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Commercial lettings on rise

Leith benefiting as cheap alternative to city centre

New restaurants and small businesses are revitalising the old port area


Leith is continuing to benefit as a low-cost alternative to Edinburgh city centre’s commercial property rates, according to new data.

In the first half of 2018, transactions in the area totalled 18,500 sq. ft, with a further 35,000 sq. ft. of space under offer.

This means total transacted space is 27% higher against the 42,125 sq ft  in all of 2017 and 72% more than the 31,000 sq. ft. in 2015.

As well as an upturn in commercial office uptake, Leith has seen a resurgence in bars, restaurants and leisure options in recent years and comparison website TravelSupermarket named it second in the UK in its ‘hippest place’ index for 2017. Leith Agency has moved to offices in Commercial Street (pictured).

Peter Fraser, director of business space for GVA, said: “The speed of the revitalisation of Leith has been remarkable.

“We have seen a real mix of commercial occupiers take space over the past 12 months, including creative firms, estate agents, website developers, security service providers and more. This activity has been supplemented by several lease extensions and re-gears from blue-chip companies such as Mastercard through to charities including the Stroke Association.”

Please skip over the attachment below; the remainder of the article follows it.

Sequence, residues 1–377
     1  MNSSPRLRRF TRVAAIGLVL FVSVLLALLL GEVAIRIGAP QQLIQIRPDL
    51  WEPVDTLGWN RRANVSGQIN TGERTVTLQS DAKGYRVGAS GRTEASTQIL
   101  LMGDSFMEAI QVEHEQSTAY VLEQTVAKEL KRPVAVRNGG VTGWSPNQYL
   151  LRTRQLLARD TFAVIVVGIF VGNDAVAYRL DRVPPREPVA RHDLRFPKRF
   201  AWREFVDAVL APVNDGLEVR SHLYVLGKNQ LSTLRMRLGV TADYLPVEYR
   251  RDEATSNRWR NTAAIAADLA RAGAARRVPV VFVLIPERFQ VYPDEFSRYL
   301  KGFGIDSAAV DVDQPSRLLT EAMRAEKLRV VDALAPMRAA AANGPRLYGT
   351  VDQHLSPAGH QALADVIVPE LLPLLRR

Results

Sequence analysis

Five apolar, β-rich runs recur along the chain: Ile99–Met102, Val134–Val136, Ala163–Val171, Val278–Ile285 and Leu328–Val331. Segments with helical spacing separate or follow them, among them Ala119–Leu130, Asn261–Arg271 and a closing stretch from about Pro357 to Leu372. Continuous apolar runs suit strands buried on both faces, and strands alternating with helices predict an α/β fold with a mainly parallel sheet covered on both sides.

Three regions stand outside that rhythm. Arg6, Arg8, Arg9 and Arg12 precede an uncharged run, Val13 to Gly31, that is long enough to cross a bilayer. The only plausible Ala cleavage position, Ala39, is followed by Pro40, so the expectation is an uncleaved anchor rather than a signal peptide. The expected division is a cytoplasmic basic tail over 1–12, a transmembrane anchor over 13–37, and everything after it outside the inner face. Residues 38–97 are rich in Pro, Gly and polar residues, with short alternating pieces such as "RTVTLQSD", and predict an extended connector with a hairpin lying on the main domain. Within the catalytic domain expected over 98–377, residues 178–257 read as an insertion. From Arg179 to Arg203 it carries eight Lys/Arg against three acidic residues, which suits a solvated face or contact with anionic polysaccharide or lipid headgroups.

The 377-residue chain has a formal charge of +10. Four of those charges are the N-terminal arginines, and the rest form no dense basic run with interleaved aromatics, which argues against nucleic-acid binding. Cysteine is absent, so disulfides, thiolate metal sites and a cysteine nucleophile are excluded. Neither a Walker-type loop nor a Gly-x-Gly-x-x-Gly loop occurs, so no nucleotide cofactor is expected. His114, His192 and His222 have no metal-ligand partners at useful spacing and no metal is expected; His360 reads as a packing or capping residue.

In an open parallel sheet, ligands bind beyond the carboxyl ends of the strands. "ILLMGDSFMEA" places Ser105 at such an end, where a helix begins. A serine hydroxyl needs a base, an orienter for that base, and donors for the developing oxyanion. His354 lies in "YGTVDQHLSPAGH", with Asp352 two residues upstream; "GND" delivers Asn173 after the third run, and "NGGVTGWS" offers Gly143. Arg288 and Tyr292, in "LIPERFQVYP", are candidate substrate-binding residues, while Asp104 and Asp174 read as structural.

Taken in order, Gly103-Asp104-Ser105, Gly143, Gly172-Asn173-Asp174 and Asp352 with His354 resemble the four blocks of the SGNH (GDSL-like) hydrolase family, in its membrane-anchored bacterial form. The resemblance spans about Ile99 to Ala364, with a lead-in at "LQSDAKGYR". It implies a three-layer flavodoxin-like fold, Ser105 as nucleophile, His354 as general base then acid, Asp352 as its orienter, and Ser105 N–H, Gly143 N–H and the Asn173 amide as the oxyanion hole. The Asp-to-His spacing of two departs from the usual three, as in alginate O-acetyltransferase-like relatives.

Rents are as much as 40% lower in Leith compared to Edinburgh city centre, where there is a lack of Grade A supply against demand.

Mr Fraser said: “There is no doubt Leith has benefitted from the limited supply in the centre of Edinburgh, but the area has only begun to realise its incredible potential. Leith has an abundance of brownfield sites which could be used to create larger developments and soak up some of the demand from the city centre.

“The proposed tram extension to Newhaven could also stimulate business, improve connectivity and encourage development across Edinburgh as a whole.”

The area has become a big favourite for eating out. Among recently-opened restaurants is Borough which opened its doors this month, headed by head chef Darren Murray, formerly of award-winning restaurant, Norn. There are plans to build two whisky distilleries and a hotel, and an ambitious refurbishment initiative for the historic Leith Theatre.

Plans to replace a block at the foot of Leith Walk would introduce new leisure-related businesses, although the community is divided on the proposals amid concern that locals are being pushed out.

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